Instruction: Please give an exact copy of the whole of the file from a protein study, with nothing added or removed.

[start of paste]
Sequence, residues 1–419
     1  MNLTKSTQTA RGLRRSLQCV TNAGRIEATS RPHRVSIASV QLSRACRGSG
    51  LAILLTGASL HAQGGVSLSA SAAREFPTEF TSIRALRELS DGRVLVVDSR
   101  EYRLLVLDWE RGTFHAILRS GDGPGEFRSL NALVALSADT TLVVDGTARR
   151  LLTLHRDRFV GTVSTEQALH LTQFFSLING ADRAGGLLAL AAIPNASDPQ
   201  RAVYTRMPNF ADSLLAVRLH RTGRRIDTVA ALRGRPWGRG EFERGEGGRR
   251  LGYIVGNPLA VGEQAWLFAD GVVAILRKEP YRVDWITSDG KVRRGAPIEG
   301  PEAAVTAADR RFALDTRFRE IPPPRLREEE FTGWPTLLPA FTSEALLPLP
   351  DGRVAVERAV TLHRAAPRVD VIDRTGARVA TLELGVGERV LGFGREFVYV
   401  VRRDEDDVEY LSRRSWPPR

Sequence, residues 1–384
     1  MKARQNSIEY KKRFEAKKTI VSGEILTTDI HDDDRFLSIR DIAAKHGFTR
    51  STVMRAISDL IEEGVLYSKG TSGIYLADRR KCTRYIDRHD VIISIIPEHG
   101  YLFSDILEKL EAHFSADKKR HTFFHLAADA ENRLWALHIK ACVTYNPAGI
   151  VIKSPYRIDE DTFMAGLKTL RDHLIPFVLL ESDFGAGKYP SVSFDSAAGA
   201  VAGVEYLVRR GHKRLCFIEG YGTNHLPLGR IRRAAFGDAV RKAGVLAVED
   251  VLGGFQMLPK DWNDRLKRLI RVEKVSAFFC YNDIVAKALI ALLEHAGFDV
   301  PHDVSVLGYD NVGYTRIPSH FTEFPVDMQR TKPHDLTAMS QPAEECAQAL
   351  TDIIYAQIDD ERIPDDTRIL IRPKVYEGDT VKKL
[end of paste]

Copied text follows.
Sequence, residues 1–419
     1  MNLTKSTQTA RGLRRSLQCV TNAGRIEATS RPHRVSIASV QLSRACRGSG
    51  LAILLTGASL HAQGGVSLSA SAAREFPTEF TSIRALRELS DGRVLVVDSR
   101  EYRLLVLDWE RGTFHAILRS GDGPGEFRSL NALVALSADT TLVVDGTARR
   151  LLTLHRDRFV GTVSTEQALH LTQFFSLING ADRAGGLLAL AAIPNASDPQ
   201  RAVYTRMPNF ADSLLAVRLH RTGRRIDTVA ALRGRPWGRG EFERGEGGRR
   251  LGYIVGNPLA VGEQAWLFAD GVVAILRKEP YRVDWITSDG KVRRGAPIEG
   301  PEAAVTAADR RFALDTRFRE IPPPRLREEE FTGWPTLLPA FTSEALLPLP
   351  DGRVAVERAV TLHRAAPRVD VIDRTGARVA TLELGVGERV LGFGREFVYV
   401  VRRDEDDVEY LSRRSWPPR

Sequence, residues 1–384
     1  MKARQNSIEY KKRFEAKKTI VSGEILTTDI HDDDRFLSIR DIAAKHGFTR
    51  STVMRAISDL IEEGVLYSKG TSGIYLADRR KCTRYIDRHD VIISIIPEHG
   101  YLFSDILEKL EAHFSADKKR HTFFHLAADA ENRLWALHIK ACVTYNPAGI
   151  VIKSPYRIDE DTFMAGLKTL RDHLIPFVLL ESDFGAGKYP SVSFDSAAGA
   201  VAGVEYLVRR GHKRLCFIEG YGTNHLPLGR IRRAAFGDAV RKAGVLAVED
   251  VLGGFQMLPK DWNDRLKRLI RVEKVSAFFC YNDIVAKALI ALLEHAGFDV
   301  PHDVSVLGYD NVGYTRIPSH FTEFPVDMQR TKPHDLTAMS QPAEECAQAL
   351  TDIIYAQIDD ERIPDDTRIL IRPKVYEGDT VKKL